Majocchi’s granuloma was first described by Domenico Majocchi in 1883, as a deep chronic dermatophyte infection of hair follicles, in which dermatophytes penetrate the dermis through hair canals, forming granulomatous changes in the dermis and/or hypodermis. Majocchi’s granuloma has two different clinical variants: the first is a small perifollicular papular type, seen in otherwise healthy individuals, that occurs secondary to trauma (e.g. in women with chronic tinea pedis that extends to the legs and who shave their legs); the second is a type with deep plaques or nodular lesions in immunocompromised hosts. The diagnosis is primarily made using direct microscopy of unstained specimens and fungal cultures, while additional diagnostics (histology, PCR) are generally not necessary. It is most commonly caused by Trichophyton rubrum.
We present a 26-year-old otherwise healthy man exhibiting blue erythematous patches over the skin of his abdomen on clinical examination, which agglomerated to form slightly raised plaques with irregular ovoid contours, spreading from umbilicus to the pubic region; they were covered with multiple red-blue, erythematous partly coalescing scales, eroded, firm papules and nodules. On pressure, some nodules excreted viscid and turbid sero-purulent content. The lesions were slightly itchy. The patient was previously unsuccessfully treated during at least 4 weeks with a topical steroid cream prescribed by his physician. Direct microscopy for fungi of skin scrapings and pus mounted in potassium hydroxide was negative. Cultures of the contents and scrapings were performed on Sabouraud’s glucose agar and Trichophyton rubrum was isolated. The diagnosis of Majocchi’s granuloma was made, and the patient was treated with itraconazole (200 mg daily) for eight weeks, when all lesions resolved and fungal culture was negative.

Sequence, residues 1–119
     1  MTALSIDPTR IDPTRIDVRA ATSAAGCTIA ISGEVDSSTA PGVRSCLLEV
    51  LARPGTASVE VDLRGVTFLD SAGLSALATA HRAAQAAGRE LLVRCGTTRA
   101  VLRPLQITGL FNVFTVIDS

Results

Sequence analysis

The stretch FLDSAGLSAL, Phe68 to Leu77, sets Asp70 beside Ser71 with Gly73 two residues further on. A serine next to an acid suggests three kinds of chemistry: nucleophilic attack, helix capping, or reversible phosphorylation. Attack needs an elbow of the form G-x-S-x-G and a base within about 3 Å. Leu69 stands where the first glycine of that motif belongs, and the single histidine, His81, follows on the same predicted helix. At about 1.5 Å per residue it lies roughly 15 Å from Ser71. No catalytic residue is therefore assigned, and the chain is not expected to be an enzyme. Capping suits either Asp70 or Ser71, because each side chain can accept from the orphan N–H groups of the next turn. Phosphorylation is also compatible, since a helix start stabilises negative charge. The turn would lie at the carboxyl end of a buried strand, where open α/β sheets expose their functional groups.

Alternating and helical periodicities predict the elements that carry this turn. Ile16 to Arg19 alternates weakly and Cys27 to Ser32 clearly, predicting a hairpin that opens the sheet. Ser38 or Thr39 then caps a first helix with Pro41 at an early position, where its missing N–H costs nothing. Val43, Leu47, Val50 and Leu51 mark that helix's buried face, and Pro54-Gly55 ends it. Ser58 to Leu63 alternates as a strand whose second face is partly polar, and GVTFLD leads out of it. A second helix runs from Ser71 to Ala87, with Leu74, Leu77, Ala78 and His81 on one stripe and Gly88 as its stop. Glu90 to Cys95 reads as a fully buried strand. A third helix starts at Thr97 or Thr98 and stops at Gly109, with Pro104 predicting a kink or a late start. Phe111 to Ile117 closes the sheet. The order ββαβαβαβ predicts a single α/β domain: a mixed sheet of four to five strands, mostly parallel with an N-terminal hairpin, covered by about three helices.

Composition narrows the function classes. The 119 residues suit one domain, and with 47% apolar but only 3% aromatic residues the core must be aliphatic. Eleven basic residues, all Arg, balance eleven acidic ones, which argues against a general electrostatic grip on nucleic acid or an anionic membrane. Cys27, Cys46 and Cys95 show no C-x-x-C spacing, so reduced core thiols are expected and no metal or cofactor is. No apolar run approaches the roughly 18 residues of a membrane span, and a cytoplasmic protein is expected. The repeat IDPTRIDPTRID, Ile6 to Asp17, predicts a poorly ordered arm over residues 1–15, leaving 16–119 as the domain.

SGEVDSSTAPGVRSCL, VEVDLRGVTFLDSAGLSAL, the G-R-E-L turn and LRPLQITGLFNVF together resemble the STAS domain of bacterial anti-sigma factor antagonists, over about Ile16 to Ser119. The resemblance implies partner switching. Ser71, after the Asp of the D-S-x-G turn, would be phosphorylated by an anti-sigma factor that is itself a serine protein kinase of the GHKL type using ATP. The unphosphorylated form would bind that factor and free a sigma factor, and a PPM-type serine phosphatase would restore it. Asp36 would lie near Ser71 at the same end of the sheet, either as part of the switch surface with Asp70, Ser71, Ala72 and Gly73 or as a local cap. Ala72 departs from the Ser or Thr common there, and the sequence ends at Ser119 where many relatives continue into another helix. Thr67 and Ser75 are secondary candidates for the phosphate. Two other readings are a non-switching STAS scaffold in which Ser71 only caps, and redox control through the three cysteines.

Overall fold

Misapplication of topical corticosteroids over a long period, as in our case, can produce Majocchi’s granuloma. When assessing skin lesions of unusual appearance, especially if aggravated by corticosteroids, dermatologists and general practitioners should consider tinea incognito, which may appear in its invasive form of Majocchi’s granuloma. The available world literature shows that Majocchi’s granuloma presenting as tinea incognito caused by topical corticosteroids has been reported extremely rarely.
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